One million will be pumped into the local sewerage system over the next four years as it struggles to cope with increasing volumes of foul water and rain caused by rising population numbers and climate change.
Under the latest Government Plan, £250,000 will be allocated every year to the Infrastructure, Housing and Environment (IHE) Department over the next four years for the processing of liquid waste.
It comes as the department is struggling to meet the additional costs arising from the processing of the additional volume of foul surface water and sewage.
In recent years, the volume of foul water that needs to be pumped and processed has increased considerably.
There are currently 108 pumping stations in the island, through which the sewage and rainwater are transported from the source to the treatment plant in Bellozanne, where they are processed and ultimately safely disposed of.
The population which has increased on average by 1,000 people over the last 10 years, each producing on average 58,400 cubic metres of sewage a year, has partly driven the increase in foul water.
Pictured: The population has increased on average by 1,000 people over the last 10 years, each producing on average 58,400 cubic metres of sewage a year.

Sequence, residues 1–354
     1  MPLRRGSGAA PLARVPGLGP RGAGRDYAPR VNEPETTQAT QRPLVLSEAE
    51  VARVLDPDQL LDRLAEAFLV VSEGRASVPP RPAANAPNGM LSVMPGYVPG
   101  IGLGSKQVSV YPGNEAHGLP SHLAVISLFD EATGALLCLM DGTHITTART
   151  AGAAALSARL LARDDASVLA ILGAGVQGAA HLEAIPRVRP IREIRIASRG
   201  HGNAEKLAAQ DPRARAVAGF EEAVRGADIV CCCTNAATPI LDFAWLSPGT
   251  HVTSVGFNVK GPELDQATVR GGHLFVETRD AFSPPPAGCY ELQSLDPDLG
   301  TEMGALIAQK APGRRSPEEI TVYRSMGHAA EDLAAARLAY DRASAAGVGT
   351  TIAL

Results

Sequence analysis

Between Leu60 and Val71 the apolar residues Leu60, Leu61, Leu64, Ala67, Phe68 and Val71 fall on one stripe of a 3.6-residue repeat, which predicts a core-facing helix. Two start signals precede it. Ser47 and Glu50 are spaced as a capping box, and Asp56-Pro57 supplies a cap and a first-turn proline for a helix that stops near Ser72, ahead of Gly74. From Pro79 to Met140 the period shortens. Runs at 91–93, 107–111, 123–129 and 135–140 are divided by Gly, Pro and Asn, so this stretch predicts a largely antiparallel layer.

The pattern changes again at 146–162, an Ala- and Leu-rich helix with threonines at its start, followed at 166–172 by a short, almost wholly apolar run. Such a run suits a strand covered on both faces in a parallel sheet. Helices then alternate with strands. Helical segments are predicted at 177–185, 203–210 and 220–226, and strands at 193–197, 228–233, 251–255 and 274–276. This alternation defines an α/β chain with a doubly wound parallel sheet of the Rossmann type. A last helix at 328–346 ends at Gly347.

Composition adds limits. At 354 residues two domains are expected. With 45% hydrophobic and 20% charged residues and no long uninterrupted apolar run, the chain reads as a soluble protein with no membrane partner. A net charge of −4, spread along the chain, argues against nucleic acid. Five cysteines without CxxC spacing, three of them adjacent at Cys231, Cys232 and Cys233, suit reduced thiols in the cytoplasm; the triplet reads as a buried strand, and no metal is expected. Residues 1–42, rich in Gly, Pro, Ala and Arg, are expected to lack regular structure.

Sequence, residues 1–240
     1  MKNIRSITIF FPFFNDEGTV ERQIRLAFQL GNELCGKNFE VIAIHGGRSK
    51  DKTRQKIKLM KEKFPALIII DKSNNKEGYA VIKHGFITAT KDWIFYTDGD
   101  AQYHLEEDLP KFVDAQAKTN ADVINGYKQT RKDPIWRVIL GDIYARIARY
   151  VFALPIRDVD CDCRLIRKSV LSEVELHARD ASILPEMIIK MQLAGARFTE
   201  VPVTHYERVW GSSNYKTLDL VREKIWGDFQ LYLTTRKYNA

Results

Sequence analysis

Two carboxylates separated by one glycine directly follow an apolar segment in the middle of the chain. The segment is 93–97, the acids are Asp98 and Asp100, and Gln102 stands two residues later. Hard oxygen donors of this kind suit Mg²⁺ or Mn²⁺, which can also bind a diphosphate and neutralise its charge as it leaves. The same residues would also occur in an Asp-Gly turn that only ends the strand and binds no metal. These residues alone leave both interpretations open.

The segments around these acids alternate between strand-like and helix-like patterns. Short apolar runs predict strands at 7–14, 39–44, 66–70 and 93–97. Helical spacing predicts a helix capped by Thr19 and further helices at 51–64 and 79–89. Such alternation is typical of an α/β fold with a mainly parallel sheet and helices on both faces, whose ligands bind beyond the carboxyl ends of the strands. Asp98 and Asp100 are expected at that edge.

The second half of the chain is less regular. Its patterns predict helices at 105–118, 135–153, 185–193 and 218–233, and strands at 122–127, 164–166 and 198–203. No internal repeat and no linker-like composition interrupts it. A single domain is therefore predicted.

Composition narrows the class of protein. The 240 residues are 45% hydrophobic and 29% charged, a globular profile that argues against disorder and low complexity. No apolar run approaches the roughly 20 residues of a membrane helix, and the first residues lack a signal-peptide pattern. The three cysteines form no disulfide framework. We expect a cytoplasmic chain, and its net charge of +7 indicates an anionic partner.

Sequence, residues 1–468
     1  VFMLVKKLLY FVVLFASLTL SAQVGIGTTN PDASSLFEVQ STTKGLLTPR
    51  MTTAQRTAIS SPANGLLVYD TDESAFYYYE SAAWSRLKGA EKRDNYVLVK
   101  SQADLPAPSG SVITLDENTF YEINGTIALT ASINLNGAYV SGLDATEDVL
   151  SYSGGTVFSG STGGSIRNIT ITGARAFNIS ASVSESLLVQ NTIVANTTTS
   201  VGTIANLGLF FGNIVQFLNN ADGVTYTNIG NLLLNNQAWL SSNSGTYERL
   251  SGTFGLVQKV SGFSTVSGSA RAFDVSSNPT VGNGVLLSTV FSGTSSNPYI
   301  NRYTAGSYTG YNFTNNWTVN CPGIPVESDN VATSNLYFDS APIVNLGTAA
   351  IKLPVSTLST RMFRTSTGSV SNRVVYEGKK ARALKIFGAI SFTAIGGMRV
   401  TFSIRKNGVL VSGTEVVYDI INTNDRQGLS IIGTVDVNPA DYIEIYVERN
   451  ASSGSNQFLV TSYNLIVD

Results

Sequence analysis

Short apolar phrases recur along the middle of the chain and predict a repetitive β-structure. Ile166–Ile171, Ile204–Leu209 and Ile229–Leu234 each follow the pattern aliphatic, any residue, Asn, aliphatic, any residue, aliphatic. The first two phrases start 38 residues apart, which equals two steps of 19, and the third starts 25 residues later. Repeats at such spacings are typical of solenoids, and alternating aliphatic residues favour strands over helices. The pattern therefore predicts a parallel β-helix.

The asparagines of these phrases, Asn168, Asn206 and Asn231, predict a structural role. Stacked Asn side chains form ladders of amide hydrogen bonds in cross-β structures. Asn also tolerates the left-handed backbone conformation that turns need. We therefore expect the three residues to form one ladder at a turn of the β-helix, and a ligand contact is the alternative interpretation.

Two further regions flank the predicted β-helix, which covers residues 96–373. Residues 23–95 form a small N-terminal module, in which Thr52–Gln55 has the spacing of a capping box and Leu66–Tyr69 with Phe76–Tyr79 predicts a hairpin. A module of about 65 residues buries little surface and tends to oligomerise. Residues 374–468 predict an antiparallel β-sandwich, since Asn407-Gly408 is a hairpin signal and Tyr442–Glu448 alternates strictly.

The number of homes connected to the mains and therefore needing the sewage to be removed has also increased. Currently 92% of homes are connected to the network.
Meanwhile, climate change has led to an increase in the volume of rainwater making its way into the foul pumping network and thus leading to higher costs, with rainfall increasing by 14.7%.
The Government Plan explains that the larger volumes having to be processed create higher demand on the pumping stations, which in turn leads to an increase in both maintenance and utility costs, whilst sudden large volumes due to substantial and continued rainfall result in additional pressure on the pumping stations as high volumes back up throughout parts of the system.
To avoid pollution incidents, the excess high-water influx is transported by tankers from the pumping stations, prioritising those which are both near capacity and in close proximity to either a natural water supply or coastal waters, direct to the sewage treatment works, which also carries an extra cost.
The additional funding aims to improve the long-term resilience of the pumping station network and protect against spills or pollution events in order to better protect the environment, the Government Plan argued.
In addition to the environmental benefits, the Government said the investment would also have economic ones, as it would help preserve the cleanliness of the island's beaches.
Pictured: "The effective management of liquid waste supports the island’s visitor economy by enabling the maintenance of... pleasant beaches."
They said: “Given the connection between the island’s sewage system and its beaches and marine environment, the effective management of liquid waste supports the island’s visitor economy by enabling the maintenance of the good quality water and pleasant beaches that are a key attraction for visitors to the island.”
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